IDinsight provides training for organisations working with migrant workers to support the members of these communities to onboard them onto digital payment systems. Kiran, a migrant worker, says: “My employers (Shahi Exports) helped me create my account a year ago when I joined; since then I have been doing most of my
digital transactions using Phonepe and send digital remittances using my phone as well.”
USAID also partnered with organisations such as Intellecap to conduct pilot activities in rural and urban settings. Intellecap implemented pilot activities in Maharashtra, Odisha, and Jharkhand, where the adoption of digital payment services across three value chains – dairy, food and beverages and poultry – was studied.
One of the biggest concerns cited by these entrepreneurs is access to cash. Vikas Bali, CEO of Intellecap, says: “The immediate feeling for the participants was that once they had money in their mobile phones, how can they convert this money back into cash? Establishing trust within these communities, making them believe that they can convert mobile money to cash whenever they want through the BC network or Kirana stores, is critical.”
For Daya Ram, the hesitancy to use digital payment services is not just related to his illiteracy; he is also afraid about the safety of his money on these applications. “I have not used these services ever before, I don’t know what I will do if I lose my money on these applications..Who will I go to?”
Security and trust
Industry leaders in this ecosystem also recognise security and trust to be a probem. Karthik Raghupathy, V-P, Strategy and Business Development, PhonePe, says the biggest challenge in the adoption of digital payments has been the lack of awareness and trust. First-time users often think that digital payments are complicated and are also worried about the safety of transactions. PhonePe has undertaken a massive user awareness exercise to highlight the safety of digital payments as well as the ease of using digital payments for everyday use cases. Vikas further adds: “While the digital ecosystem is progressively creating new alternatives and solutions to make these financial products more inclusive and easily adaptable for all sections of the population, a new challenge that can emerge is what will happen in a scenario when transactions fail – especially in case of new users. If transactions fail for a multitude of reasons, such as net connectivity, mistakes in using an app etc, we need to understand how that pushes back the progress that we have made so far. If people lose confidence in digital transactions because of such issues, it will be much harder for us to convince them to adopt these payment systems again.”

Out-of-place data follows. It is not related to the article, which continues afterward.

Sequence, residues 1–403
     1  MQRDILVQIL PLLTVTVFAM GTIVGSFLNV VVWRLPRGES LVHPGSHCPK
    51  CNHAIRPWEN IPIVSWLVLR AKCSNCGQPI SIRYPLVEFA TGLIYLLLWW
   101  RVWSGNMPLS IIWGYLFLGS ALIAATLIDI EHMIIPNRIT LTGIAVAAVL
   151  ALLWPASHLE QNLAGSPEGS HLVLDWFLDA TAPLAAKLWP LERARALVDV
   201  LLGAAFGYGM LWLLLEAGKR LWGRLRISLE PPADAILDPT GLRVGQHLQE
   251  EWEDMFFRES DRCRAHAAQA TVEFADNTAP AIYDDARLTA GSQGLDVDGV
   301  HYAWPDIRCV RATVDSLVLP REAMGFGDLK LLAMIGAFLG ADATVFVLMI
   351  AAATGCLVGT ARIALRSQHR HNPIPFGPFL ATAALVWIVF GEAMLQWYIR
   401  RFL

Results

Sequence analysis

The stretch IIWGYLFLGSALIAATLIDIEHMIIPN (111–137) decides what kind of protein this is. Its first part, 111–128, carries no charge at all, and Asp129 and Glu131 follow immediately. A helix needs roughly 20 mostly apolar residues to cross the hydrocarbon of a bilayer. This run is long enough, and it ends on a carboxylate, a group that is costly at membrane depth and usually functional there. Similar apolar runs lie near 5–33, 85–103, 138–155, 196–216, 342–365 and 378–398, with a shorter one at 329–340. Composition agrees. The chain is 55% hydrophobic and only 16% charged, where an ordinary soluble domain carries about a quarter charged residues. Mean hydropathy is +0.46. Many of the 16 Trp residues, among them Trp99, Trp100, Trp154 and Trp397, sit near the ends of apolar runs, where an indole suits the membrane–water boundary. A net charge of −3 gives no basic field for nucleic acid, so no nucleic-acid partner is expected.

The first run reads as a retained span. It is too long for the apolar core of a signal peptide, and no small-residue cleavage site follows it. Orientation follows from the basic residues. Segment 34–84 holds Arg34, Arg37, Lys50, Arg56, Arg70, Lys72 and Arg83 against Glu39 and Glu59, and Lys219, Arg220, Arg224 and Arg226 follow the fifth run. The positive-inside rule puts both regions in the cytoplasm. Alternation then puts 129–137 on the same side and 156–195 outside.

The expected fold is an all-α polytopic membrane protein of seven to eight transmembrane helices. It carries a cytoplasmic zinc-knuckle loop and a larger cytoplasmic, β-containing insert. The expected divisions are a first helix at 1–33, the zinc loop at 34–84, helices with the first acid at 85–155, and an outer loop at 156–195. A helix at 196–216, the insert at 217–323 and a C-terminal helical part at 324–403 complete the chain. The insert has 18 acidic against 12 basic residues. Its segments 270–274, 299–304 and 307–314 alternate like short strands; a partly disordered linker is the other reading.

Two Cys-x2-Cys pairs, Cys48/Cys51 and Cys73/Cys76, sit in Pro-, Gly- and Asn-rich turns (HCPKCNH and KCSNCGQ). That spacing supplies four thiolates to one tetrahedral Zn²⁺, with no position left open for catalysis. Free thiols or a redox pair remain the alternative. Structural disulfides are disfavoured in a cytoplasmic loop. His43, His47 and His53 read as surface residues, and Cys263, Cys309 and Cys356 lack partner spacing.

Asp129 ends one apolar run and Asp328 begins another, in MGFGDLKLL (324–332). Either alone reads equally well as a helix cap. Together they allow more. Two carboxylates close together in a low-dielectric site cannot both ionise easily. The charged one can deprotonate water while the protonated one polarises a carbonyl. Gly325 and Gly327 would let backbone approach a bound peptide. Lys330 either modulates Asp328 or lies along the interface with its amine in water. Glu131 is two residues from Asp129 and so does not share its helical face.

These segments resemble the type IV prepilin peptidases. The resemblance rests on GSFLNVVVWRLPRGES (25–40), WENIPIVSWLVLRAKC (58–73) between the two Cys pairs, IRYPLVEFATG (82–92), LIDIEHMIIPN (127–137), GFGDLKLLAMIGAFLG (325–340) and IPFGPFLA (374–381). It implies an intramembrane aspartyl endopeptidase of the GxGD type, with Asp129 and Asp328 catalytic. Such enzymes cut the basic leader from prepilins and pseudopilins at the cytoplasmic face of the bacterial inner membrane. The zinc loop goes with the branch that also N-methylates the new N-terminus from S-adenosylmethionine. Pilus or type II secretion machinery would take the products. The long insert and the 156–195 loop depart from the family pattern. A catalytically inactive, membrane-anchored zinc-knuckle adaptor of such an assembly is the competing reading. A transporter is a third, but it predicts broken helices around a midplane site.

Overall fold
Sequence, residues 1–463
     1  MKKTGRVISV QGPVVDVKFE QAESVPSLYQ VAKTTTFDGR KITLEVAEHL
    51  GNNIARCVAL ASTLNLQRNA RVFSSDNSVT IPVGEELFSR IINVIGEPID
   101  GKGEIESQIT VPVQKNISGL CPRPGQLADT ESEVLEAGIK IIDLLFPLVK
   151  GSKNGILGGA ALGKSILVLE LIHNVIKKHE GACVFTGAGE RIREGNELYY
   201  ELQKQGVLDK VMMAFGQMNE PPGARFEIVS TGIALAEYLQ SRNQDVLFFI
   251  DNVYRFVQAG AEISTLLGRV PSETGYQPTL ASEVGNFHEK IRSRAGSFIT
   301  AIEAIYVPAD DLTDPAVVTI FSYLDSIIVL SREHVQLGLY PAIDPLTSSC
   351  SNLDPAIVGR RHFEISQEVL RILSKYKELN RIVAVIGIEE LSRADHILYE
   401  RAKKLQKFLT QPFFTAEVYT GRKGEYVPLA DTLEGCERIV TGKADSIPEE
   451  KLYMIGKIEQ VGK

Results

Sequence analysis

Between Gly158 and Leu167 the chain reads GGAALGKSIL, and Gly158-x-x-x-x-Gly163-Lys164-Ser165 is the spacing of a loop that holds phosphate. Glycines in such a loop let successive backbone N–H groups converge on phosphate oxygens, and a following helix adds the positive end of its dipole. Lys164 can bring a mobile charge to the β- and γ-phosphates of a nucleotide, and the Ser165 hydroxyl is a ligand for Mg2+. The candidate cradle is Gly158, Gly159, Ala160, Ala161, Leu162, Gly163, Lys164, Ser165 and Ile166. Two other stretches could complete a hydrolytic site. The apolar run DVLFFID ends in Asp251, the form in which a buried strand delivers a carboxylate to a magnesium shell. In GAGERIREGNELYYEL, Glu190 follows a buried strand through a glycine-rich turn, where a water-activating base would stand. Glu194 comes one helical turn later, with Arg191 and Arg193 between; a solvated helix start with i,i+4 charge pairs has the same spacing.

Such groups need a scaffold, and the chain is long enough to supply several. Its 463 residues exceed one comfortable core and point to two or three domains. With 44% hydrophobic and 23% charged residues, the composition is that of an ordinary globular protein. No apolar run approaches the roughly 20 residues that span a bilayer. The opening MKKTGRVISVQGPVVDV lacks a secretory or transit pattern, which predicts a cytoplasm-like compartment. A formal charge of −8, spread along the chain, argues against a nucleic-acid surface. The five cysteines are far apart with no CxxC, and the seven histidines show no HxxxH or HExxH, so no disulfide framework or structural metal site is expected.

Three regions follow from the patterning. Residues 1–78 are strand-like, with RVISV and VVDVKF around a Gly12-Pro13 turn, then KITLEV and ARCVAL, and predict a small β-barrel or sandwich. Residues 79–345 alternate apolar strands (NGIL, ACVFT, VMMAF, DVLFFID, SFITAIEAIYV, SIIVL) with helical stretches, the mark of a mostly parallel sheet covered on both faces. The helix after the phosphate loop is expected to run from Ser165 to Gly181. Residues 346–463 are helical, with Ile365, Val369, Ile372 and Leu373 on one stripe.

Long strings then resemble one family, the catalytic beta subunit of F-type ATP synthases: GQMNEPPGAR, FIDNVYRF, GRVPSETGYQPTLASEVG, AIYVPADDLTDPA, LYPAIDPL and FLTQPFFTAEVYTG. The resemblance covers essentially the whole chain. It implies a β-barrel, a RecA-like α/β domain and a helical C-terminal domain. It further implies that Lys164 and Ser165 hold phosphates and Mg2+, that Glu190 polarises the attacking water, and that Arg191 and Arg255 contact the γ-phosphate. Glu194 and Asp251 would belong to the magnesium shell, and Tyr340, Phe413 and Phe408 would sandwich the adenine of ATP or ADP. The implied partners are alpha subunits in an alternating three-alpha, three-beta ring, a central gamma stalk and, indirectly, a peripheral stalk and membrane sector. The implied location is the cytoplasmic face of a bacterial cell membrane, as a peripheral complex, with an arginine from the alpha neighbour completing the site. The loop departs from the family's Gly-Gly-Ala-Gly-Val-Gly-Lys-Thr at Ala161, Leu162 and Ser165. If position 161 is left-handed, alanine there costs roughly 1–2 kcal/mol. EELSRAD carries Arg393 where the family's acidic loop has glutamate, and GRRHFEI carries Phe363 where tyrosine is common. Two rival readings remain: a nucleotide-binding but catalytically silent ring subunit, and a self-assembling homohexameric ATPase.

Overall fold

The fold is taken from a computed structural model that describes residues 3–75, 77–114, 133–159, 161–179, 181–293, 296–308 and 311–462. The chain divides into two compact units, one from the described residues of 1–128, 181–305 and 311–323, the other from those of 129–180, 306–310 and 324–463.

6 start-ups shaking up the circular fashion space at LFW 2020’s Circular Changemakers
Monday, November 9th – Intellecap Circular Apparel Innovation Factory in partnership with Circular Design Challenge an initiative of R|Elan, United Nations Environment Programme and Lakmé Fashion Week, presented the second edition of Circular Changemakers 2020, in a digital-first format, on Day 2 of Sustainable Fashion Day of LFW, where circular startups presented and showcased their ideas.
The coverage was basis a talk with the finalists of the second edition of Circular Changemakers by LFW 2020 about the concepts behind their unique start-ups and how they are planning to change the industry with their own perspective of Circular Fashion via this platform.
Six start-ups recently presented their ideas promoting circular fashion in the second edition of the Circular Changemakers which started in 2019.